"What are you driving at, Mr. Cameron?" 

"I can help you make the Palms Estate Tournament an annual classic--PGA anointed." 

Ken smelled a rat. "What's in it for you?" 

"I make it all work. My staff and I do this all over the country. We help people like you who are hard workers but have no experience. They often end up killing their own tournament." 

"And I'm not even a hard worker," Ken said with a smile. 

"You don't have to be." Cameron smiled back. "We handle it all. You just continue to play the role of Tournament Chairman. 

"What's in it for you?" Ken liked the idea, but he was still suspicious. 

"I take a small percentage of the gate and make arrangements for private betting. Nothing public. Nothing officially associated with the tournament. No one in the Palms Estate knows my role except you."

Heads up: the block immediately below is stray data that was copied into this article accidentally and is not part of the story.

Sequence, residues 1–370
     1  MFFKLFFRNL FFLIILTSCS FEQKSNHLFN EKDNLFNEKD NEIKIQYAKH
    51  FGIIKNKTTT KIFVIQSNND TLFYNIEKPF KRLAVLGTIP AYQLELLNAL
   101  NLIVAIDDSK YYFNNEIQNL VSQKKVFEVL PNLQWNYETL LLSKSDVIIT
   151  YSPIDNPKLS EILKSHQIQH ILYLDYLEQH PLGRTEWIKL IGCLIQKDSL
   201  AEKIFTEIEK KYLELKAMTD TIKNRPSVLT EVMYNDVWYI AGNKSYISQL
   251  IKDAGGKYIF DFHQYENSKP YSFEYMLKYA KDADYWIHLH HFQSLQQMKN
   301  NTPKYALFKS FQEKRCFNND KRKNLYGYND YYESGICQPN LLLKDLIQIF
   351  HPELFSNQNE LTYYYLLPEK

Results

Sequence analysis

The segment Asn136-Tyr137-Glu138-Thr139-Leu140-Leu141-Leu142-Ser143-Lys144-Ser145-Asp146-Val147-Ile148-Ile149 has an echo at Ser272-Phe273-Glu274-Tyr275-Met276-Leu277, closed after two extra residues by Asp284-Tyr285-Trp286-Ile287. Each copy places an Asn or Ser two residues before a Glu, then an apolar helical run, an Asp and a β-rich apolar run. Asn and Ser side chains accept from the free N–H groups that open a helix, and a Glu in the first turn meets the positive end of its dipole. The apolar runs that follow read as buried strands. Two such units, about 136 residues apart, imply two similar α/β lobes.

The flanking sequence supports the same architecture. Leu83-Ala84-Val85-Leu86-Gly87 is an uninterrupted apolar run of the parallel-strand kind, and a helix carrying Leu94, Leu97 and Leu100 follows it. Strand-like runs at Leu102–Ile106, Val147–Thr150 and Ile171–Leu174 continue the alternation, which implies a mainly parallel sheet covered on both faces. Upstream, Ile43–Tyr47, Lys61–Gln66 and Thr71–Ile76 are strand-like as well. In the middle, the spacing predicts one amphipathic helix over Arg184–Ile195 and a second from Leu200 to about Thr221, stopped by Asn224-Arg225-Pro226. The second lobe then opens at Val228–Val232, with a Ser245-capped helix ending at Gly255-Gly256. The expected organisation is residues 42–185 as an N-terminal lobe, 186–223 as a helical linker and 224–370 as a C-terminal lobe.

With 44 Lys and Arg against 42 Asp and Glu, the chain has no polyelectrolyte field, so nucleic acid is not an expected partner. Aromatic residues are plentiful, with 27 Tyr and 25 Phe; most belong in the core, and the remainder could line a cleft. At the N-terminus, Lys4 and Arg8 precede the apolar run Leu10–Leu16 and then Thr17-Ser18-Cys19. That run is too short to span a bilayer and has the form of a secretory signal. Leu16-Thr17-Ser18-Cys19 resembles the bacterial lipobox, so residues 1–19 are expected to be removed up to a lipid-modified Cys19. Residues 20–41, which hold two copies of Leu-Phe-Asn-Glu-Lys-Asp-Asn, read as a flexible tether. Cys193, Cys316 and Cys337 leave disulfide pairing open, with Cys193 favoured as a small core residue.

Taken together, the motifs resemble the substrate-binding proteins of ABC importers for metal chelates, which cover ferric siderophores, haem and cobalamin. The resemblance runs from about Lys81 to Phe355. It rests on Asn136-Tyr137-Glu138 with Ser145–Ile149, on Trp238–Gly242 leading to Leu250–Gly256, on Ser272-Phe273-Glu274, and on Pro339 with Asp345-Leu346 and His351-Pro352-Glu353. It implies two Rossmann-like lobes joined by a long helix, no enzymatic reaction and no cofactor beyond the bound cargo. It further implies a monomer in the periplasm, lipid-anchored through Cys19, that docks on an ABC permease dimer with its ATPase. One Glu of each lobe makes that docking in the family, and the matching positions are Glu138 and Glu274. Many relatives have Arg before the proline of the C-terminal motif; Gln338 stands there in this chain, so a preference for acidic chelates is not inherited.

"How do I know you're any good at this? Not a just a bullshitter?" 

"I have a list of contacts at golf courses all across Florida that have used our services." Mike Cameron pulled out a list of names paired with golf courses located in the Southeast. He pointed at the paper and said, "Talk to those guys." 

Cameron laid his business card on top of the list. 

"Call me in the morning with your answer," Cameron said as he stood up. "I gave your wife ten thousand dollars to hand over to you as a good-faith down payment. Keep the ten grand if you are in. There will be more money coming your way. If you decline my offer, I'll accept a refund and we will part ways." 

Ken was stunned by the announcement that his wife had ten thousand dollars in cash, but kept his composure and nodded without saying more.